Lower extremity thrust and non-thrust joint mobilization for patellofemoral pain syndrome: A case report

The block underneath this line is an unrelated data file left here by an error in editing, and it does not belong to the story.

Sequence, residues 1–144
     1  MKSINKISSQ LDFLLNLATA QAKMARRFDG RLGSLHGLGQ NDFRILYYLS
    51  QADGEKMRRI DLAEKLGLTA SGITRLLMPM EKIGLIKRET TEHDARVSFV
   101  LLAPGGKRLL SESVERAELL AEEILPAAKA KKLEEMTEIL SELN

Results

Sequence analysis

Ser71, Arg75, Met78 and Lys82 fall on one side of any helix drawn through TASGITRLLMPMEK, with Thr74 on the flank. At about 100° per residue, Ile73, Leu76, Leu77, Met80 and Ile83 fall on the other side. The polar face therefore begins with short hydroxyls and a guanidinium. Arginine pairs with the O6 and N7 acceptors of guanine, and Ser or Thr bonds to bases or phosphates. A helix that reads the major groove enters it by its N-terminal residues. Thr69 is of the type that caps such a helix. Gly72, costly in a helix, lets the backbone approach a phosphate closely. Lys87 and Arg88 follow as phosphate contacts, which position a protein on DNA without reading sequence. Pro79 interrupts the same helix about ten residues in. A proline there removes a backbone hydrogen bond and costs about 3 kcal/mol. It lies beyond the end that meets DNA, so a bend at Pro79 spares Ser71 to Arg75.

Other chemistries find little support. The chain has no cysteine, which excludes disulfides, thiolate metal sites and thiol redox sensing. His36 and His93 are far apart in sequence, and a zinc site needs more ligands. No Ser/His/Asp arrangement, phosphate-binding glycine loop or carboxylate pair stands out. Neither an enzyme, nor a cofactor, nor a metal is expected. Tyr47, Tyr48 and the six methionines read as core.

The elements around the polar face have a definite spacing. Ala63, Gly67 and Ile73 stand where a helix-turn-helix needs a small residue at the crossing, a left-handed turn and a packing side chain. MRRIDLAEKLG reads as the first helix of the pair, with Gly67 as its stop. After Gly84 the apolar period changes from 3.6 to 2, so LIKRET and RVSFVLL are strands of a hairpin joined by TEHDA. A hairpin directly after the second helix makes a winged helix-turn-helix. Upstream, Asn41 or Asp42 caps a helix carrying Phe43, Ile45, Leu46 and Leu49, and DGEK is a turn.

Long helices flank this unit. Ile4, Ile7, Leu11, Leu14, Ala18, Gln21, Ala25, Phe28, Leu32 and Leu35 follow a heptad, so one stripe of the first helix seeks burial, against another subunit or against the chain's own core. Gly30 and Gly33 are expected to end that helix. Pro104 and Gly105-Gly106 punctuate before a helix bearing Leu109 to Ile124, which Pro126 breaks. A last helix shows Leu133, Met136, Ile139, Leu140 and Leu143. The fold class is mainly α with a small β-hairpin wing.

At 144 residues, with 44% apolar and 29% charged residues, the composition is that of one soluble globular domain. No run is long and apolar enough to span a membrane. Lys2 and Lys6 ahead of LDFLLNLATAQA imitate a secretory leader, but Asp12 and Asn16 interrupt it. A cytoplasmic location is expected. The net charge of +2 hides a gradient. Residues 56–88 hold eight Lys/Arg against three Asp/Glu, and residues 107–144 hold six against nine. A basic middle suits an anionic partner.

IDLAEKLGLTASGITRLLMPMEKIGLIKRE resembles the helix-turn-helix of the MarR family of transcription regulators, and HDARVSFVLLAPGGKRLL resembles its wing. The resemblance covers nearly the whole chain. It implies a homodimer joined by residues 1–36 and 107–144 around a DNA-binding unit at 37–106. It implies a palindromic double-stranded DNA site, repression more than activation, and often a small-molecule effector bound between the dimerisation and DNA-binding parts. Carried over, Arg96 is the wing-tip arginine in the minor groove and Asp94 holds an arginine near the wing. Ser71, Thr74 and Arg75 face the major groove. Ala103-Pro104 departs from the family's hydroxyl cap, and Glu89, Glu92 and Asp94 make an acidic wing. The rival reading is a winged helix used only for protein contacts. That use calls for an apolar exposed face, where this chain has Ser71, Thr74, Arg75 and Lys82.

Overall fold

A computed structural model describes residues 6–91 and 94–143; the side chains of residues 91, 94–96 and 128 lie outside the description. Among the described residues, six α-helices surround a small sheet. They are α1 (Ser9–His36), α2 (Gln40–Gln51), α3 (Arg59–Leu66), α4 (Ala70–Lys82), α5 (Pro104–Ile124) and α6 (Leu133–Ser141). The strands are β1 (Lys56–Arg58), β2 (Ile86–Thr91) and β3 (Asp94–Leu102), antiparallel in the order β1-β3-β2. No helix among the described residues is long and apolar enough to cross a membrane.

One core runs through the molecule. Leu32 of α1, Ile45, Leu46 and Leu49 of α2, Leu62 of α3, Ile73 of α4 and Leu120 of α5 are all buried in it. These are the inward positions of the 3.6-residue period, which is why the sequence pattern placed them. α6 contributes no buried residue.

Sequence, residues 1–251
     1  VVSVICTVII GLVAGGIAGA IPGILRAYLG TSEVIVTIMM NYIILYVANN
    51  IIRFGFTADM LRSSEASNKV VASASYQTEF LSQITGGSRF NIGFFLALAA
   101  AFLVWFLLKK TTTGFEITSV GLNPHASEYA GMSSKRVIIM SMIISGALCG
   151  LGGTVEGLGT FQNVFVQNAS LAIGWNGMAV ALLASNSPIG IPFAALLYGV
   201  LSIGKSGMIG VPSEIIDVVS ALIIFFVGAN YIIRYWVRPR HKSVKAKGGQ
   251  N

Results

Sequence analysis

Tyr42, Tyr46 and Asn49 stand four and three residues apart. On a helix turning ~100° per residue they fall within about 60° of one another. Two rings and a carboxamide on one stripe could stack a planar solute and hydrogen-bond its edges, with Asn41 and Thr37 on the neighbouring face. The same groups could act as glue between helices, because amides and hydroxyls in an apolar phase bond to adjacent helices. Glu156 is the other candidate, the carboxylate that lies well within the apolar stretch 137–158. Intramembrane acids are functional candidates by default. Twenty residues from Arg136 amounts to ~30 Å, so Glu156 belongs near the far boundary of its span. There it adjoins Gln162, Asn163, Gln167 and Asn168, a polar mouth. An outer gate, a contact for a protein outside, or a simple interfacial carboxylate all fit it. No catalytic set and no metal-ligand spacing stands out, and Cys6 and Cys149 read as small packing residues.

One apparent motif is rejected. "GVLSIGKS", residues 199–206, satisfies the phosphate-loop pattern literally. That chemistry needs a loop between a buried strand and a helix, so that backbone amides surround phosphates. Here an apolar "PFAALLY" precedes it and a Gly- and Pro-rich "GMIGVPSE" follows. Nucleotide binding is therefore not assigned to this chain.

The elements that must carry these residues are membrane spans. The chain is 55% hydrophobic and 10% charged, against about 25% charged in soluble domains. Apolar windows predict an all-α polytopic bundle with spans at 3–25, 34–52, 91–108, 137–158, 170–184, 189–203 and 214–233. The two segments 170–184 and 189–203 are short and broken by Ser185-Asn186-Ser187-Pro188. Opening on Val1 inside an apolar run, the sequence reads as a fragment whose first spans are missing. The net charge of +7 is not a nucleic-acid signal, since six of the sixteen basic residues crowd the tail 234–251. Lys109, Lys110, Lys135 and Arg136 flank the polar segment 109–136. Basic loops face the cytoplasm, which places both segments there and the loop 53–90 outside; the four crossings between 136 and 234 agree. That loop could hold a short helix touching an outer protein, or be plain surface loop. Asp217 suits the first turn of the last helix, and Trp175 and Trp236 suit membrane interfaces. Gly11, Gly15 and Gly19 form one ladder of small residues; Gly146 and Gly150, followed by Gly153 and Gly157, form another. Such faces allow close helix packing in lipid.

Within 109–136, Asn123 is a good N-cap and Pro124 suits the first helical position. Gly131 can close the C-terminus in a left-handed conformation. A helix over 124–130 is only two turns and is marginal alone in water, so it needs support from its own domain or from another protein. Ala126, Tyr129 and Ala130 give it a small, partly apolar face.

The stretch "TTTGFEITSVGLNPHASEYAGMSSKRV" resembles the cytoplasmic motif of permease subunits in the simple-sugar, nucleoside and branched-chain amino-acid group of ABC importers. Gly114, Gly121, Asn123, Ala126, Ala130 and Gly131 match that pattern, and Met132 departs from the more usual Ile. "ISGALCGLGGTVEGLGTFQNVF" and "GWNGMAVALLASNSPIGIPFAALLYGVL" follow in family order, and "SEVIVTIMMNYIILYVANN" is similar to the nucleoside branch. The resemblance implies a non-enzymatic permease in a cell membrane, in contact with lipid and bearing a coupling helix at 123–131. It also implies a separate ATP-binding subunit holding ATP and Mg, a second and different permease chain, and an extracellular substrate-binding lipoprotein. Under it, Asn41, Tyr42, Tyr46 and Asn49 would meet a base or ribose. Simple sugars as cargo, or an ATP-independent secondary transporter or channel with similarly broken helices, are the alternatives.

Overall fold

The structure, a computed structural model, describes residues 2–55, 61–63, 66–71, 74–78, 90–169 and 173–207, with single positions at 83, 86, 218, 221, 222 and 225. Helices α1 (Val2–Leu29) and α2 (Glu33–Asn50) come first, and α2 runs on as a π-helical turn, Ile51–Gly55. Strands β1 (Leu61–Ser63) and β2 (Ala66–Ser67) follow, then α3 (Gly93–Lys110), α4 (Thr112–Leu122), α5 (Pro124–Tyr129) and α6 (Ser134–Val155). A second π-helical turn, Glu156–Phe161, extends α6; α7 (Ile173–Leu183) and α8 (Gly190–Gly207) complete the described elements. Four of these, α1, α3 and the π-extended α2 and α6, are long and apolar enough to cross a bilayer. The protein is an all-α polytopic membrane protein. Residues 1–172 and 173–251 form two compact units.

A 40-year old female presented to physical therapy with a one-year history of insidious right anteromedial and anterolateral knee pain. Additionally, the patient had a history of multiple lateral ankle sprains bilaterally, the last sprain occurring on the right ankle 1 year prior to the onset of knee pain. The patient was evaluated and given a physical therapy diagnosis of patellofemoral pain syndrome (PFPS), with associated talocrural and tibiofemoral joint hypomobility limiting ankle dorsiflexion and knee extension, respectively. Treatment included a high-velocity low amplitude thrust manipulation to the talocrural joint, which helped restore normal ankle dorsiflexion range of motion. The patient also received tibiofemoral joint non-thrust manual therapy to regain normal knee extension mobility prior to implementing further functional progression exercises to her home program (HEP). This case report highlights the importance of a detailed evaluation of knee and ankle joint mobility in patients presenting with anterior knee pain. Further, manual physical therapy to the lower extremity was found to be successful in restoring normal movement patterns and pain-free function in a patient with chronic anterior knee pain. © W. S. Maney & Son Ltd 2014.
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